I’m under mandatory isolation right now, so as a challenge will be writing a piece every day, with rules: no piece will take more than 90 minutes from first keystroke to publication; each piece has to be on a markedly different topic each day; each piece will be EXACTLY 500 words (excluding title/ float quotes, references and this intro).
Today sees my return to work with Nottingham UNESCO City of Literature after a few months of furlough, and as such it is a Very Good Day. I’m orienting myself with what we’re doing after a period of disengagement legally required under the Job Retention Scheme, and am delighted that a slew of projects are both underway and gestating. It’s also notable that these touch on a common theme: doing great things despite that nasty virus no one even knew about last year
Culture is in crisis, we cannot ignore that. I’m lucky to work for an organisation that doesn’t rely on possession of a venue, such as a cinema or a theatre, for its existence. I’m also lucky that we are a small, relatively young and therefore flexible organisation. Literature, literacy, publishing and so on are all important elements of what we do, and little directly impacted by the crisis. As more people take solace in reading and writing, our existence strengthens in value.
Larger, venue-based organisations sail choppier seas. With the government easing off financial support across the board, they are increasingly being exposed to the grim realities of covid restrictions: many friends are fearful for their jobs, some have already become unemployed. Things are grim. I have no remedy, no great panacea that will cure all cultural ills. I can’t force the government to bail out these jobs, and those in charge seem little interested to do so.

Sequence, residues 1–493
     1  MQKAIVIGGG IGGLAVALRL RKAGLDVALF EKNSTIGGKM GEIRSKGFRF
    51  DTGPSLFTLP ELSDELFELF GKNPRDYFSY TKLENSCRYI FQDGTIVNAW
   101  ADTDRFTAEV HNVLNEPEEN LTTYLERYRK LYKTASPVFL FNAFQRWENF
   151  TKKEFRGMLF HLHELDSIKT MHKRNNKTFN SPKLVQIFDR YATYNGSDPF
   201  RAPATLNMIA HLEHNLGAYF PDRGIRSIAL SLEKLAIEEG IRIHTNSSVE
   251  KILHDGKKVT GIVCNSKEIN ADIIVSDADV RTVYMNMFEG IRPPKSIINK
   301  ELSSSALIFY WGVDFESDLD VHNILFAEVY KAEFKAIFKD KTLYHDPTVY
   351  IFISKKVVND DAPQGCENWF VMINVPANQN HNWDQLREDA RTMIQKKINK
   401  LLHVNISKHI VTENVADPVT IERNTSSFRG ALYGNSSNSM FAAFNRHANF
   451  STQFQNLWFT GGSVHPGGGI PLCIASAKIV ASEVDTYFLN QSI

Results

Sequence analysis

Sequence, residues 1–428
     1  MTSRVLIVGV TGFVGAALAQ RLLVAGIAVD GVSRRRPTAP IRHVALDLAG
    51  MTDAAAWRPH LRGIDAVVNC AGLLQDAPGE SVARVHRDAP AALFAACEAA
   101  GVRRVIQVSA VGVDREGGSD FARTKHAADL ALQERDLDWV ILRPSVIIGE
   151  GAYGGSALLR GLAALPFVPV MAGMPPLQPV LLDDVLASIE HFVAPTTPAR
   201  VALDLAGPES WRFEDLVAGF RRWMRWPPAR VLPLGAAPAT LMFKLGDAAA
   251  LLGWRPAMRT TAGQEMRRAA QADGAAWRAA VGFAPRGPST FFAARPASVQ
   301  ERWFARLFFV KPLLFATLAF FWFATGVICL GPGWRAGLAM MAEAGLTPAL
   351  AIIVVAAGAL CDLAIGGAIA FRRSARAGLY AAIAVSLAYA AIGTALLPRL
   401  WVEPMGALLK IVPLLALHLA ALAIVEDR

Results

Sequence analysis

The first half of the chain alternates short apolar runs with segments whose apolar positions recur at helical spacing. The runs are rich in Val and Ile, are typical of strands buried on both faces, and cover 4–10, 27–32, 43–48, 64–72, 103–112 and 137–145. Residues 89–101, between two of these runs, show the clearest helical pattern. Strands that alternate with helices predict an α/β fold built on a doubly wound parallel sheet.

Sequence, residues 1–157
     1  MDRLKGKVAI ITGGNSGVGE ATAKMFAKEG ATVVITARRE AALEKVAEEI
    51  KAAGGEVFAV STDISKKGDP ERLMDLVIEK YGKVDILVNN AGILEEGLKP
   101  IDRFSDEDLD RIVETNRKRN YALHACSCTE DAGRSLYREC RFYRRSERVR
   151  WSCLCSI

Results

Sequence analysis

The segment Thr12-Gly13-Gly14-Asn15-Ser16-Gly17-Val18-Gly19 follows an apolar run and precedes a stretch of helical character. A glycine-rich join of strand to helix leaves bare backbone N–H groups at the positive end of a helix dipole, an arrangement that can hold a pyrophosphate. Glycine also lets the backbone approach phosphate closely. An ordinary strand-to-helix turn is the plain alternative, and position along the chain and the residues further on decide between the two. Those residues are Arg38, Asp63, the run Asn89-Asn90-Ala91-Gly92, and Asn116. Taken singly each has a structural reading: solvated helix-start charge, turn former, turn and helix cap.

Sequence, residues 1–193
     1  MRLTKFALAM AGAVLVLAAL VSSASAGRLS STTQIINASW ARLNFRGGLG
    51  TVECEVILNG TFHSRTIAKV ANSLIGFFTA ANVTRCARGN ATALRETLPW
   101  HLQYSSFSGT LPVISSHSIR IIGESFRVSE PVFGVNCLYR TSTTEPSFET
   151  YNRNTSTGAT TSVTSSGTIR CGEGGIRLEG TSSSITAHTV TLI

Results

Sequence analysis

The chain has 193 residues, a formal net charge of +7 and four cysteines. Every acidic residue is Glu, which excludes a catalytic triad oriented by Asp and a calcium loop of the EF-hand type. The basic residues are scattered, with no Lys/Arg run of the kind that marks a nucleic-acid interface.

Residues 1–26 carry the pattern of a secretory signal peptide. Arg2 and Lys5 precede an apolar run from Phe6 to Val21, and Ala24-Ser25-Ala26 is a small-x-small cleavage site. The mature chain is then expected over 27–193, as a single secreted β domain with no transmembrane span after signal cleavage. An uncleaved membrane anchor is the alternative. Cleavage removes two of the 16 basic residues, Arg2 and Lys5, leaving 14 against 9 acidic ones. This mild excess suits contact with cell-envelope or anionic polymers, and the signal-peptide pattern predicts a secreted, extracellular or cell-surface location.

Yet there has to be optimism, however bleak the prognosis. Culture is not a frivolous luxury, it is integral to our very being. “The human soul needs beauty more than bread”, DH Lawrence correctly noted. There will always be culture, and the constant mutation of culture alongside technology and politics is the story of our existence. It defines and reflects our moral outlook, it gives meaning, communication and continuity. Yet when external elements – in this case a pandemic – steer civilization in a sharply sudden different direction, culture takes time to catch up.
During furlough I’ve been helping out with Nottingham Chamber Music Festival. Having had to abandon the traditional set-up of the scheduled events, the director behind it, Beestonian violist Carmen Flores, didn’t pack up her bow and hunker down. Instead she worked with local filmmaker Tim Bassford to produce a series of beautifully shot short films of Carmen playing Bach in iconic – and empty – Nottingham venues. I helped promote then, and in doing so came to realise the emotions they provoked – melancholy, loss / beauty, hope – were a metaphor for something much more: in these empty buildings, music played, and a flame flickered from the embers. Where there are humans, there will be culture and hope.
That won’t pay the wages of staff and creatives who face an uncertain future. They need support from elsewhere. Yet the pandemic will not kill culture. The truly creative are more important than ever, and are already on it.
Back to Lawrence: “We’ve got to live, no matter how many skies have fallen.”